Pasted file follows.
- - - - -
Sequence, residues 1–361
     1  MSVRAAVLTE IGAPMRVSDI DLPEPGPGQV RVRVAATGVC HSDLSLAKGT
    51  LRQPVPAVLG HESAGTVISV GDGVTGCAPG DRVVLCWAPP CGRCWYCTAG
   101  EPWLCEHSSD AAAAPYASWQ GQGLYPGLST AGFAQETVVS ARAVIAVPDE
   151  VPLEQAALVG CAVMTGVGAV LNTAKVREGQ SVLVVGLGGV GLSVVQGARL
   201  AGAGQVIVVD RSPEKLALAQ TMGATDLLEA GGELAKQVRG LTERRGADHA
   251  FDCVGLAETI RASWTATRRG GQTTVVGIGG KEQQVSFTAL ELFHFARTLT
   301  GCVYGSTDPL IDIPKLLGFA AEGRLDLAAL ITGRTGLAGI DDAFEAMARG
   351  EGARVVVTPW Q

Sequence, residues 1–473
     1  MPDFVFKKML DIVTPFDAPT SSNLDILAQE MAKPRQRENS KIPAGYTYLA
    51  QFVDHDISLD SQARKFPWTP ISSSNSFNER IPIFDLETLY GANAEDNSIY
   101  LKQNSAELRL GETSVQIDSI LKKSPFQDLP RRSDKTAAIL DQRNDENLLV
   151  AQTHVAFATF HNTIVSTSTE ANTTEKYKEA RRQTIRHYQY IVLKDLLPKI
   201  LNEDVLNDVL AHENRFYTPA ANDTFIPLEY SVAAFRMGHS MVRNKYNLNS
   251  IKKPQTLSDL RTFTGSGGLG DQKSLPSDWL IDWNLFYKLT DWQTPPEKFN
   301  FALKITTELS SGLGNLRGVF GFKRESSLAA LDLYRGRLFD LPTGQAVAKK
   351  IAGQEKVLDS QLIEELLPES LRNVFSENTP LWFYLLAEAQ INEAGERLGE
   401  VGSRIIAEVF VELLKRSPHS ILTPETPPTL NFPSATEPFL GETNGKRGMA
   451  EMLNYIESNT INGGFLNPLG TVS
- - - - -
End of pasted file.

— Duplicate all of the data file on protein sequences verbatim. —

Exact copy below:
Sequence, residues 1–361
     1  MSVRAAVLTE IGAPMRVSDI DLPEPGPGQV RVRVAATGVC HSDLSLAKGT
    51  LRQPVPAVLG HESAGTVISV GDGVTGCAPG DRVVLCWAPP CGRCWYCTAG
   101  EPWLCEHSSD AAAAPYASWQ GQGLYPGLST AGFAQETVVS ARAVIAVPDE
   151  VPLEQAALVG CAVMTGVGAV LNTAKVREGQ SVLVVGLGGV GLSVVQGARL
   201  AGAGQVIVVD RSPEKLALAQ TMGATDLLEA GGELAKQVRG LTERRGADHA
   251  FDCVGLAETI RASWTATRRG GQTTVVGIGG KEQQVSFTAL ELFHFARTLT
   301  GCVYGSTDPL IDIPKLLGFA AEGRLDLAAL ITGRTGLAGI DDAFEAMARG
   351  EGARVVVTPW Q

Sequence, residues 1–473
     1  MPDFVFKKML DIVTPFDAPT SSNLDILAQE MAKPRQRENS KIPAGYTYLA
    51  QFVDHDISLD SQARKFPWTP ISSSNSFNER IPIFDLETLY GANAEDNSIY
   101  LKQNSAELRL GETSVQIDSI LKKSPFQDLP RRSDKTAAIL DQRNDENLLV
   151  AQTHVAFATF HNTIVSTSTE ANTTEKYKEA RRQTIRHYQY IVLKDLLPKI
   201  LNEDVLNDVL AHENRFYTPA ANDTFIPLEY SVAAFRMGHS MVRNKYNLNS
   251  IKKPQTLSDL RTFTGSGGLG DQKSLPSDWL IDWNLFYKLT DWQTPPEKFN
   301  FALKITTELS SGLGNLRGVF GFKRESSLAA LDLYRGRLFD LPTGQAVAKK
   351  IAGQEKVLDS QLIEELLPES LRNVFSENTP LWFYLLAEAQ INEAGERLGE
   401  VGSRIIAEVF VELLKRSPHS ILTPETPPTL NFPSATEPFL GETNGKRGMA
   451  EMLNYIESNT INGGFLNPLG TVS